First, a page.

Fox’s ‘Bordertown’ is a ripped-from-the-headlines satire
Created by “Family Guy” writer Mark Hentemann, “Bordertown” revolves around two neighboring families in the fictional Southwest desert town of Mexifornia. Bud Buckwald, voiced by Hank Azaria (“The Simpsons”), feels threatened by a growing immigrant population that looks a lot like his neighbor, Ernesto Gonzalez. Ernesto runs a successful landscaping business, much to the ire of Bud, who perpetually struggles to keep his job as a border patrol agent.
Both are family men. Bud has three children — Sanford, 24, still lives with his parents and looks a bit like an animated Kid Rock. Five-year-old Gert is a pageant queen with a pet pig named Sprinkles. She’s also the only one in her family with an accent (hi, Stewie Griffin), a spirited Southern drawl courtesy of Missi Pyle. Bud’s other daughter, the gravel-voiced Becky (“Family Guy’s” Alex Borstein) shares an often naive idealism, and a love connection, with Ernesto’s college-student nephew, J.C.
In the first episode, Mexifornia residents are asked to pass an anti-immigration ordinance — also known as the “show me your papers law” — and Bud is a staunch supporter: “The Southwest belongs to retired art teachers and meth-lab entrepreneurs.”
The immigrant debate and a growing culture clash are the targets of “Bordertown’s” satire, but nothing and no one is left unscathed. In one scene at the Gonzalez house, a pundit named Bob Mothers (wink, wink) rails against Republicans.”I love Bob,” J.C. says. “He stands up for the little guy on a network that costs $50 a month.”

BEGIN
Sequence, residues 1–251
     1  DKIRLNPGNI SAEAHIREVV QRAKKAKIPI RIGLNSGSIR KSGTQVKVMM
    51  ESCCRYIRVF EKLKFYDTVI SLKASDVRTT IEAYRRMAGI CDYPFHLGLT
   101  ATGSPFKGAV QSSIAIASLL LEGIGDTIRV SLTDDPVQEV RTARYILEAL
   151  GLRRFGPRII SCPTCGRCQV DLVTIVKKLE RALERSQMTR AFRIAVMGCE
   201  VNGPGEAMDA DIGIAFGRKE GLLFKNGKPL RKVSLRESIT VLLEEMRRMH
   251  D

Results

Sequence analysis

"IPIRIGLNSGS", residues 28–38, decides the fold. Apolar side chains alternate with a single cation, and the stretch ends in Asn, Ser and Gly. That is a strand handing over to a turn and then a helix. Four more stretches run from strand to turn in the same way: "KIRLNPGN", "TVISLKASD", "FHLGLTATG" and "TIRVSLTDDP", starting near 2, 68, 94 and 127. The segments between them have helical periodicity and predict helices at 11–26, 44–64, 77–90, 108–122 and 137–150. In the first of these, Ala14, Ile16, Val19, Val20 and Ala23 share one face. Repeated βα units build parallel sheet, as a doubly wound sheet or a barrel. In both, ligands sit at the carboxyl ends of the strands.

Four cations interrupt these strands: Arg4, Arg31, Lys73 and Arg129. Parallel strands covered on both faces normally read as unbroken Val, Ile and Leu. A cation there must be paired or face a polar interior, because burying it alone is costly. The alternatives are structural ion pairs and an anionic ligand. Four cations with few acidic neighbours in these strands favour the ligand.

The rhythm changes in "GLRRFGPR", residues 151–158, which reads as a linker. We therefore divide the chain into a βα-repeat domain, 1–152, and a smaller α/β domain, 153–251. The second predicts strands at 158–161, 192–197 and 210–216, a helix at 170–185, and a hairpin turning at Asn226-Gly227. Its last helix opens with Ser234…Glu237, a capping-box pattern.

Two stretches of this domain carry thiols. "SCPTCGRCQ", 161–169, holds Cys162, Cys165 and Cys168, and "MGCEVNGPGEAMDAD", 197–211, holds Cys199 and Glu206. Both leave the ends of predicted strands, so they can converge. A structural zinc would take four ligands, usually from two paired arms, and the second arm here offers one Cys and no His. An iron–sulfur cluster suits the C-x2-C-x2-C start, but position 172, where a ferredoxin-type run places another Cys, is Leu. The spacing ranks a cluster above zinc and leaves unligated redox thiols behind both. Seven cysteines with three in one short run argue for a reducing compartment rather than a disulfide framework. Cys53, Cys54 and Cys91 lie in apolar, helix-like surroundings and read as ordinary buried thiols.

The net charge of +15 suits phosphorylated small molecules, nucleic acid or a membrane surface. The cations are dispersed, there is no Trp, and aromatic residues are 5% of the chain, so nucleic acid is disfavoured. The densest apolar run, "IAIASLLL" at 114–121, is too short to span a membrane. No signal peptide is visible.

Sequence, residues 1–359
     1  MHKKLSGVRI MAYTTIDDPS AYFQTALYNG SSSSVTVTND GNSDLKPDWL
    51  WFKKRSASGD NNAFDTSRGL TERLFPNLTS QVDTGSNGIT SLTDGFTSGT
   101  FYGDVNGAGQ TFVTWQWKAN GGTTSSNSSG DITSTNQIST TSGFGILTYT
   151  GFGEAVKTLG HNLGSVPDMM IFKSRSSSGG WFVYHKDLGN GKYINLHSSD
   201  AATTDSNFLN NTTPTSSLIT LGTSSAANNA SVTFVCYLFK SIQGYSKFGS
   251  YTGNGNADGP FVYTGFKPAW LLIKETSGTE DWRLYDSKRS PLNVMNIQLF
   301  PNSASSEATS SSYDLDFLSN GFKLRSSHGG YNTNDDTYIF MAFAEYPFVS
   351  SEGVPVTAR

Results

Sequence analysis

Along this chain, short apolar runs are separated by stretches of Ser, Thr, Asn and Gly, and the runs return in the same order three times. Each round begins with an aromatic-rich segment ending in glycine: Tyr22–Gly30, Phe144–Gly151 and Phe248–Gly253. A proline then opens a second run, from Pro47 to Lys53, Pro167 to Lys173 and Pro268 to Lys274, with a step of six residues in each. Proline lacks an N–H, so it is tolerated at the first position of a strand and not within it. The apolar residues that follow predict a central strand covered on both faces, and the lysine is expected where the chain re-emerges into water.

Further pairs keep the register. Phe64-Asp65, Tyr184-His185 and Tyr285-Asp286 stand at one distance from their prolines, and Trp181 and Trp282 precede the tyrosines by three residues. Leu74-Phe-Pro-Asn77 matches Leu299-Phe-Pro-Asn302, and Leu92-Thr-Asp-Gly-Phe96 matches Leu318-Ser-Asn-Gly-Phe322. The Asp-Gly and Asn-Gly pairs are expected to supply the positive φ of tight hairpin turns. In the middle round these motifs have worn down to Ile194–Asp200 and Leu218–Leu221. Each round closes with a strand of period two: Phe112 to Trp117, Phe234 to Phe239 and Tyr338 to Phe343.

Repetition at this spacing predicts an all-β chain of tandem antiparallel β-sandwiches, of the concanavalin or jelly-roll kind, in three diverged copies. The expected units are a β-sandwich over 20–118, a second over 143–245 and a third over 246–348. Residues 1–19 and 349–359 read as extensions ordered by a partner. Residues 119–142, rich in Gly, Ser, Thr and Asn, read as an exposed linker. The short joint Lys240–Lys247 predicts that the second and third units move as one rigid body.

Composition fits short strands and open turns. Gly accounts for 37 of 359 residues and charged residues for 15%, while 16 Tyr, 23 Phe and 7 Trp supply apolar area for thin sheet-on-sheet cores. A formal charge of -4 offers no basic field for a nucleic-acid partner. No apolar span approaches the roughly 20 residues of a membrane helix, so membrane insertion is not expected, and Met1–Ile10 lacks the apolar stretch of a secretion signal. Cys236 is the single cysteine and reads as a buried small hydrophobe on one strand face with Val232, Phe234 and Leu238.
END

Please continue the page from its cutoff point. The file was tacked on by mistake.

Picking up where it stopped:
“Family Guy” creator Seth MacFarlane is an executive producer of “Bordertown,” which, depending on what you think of MacFarlane’s brand of humor, could make you want to tune in — or out. On a scale of “Ted” (the lowest of the low) to “Family Guy,” “Bordertown” would end up on the higher end of the spectrum. In the two episodes I screened, there’s an alien gag that overstays its welcome and a still-too-soon Philip Seymour Hoffman joke. But the show is off to a good start with its timely humor.
In fact, today’s headlines might be “Bordertown’s” best asset. The second episode is called “Borderwall,” and it’s exactly what it sounds like. Bud is among the Mexifornia residents in favor of building a wall to keep Mexican immigrants from crossing the border.
Last month, Hentemann told entertainment website TV Insider that he had written the episode long before leading Republican presidential candidate Donald Trump began his campaign and the promise that he would build an impenetrable wall along the Mexican border.
“We should give Trump a writing credit on the episode for making it relevant and topical again,” Hentemann told the site.
© 2015, The Washington Post
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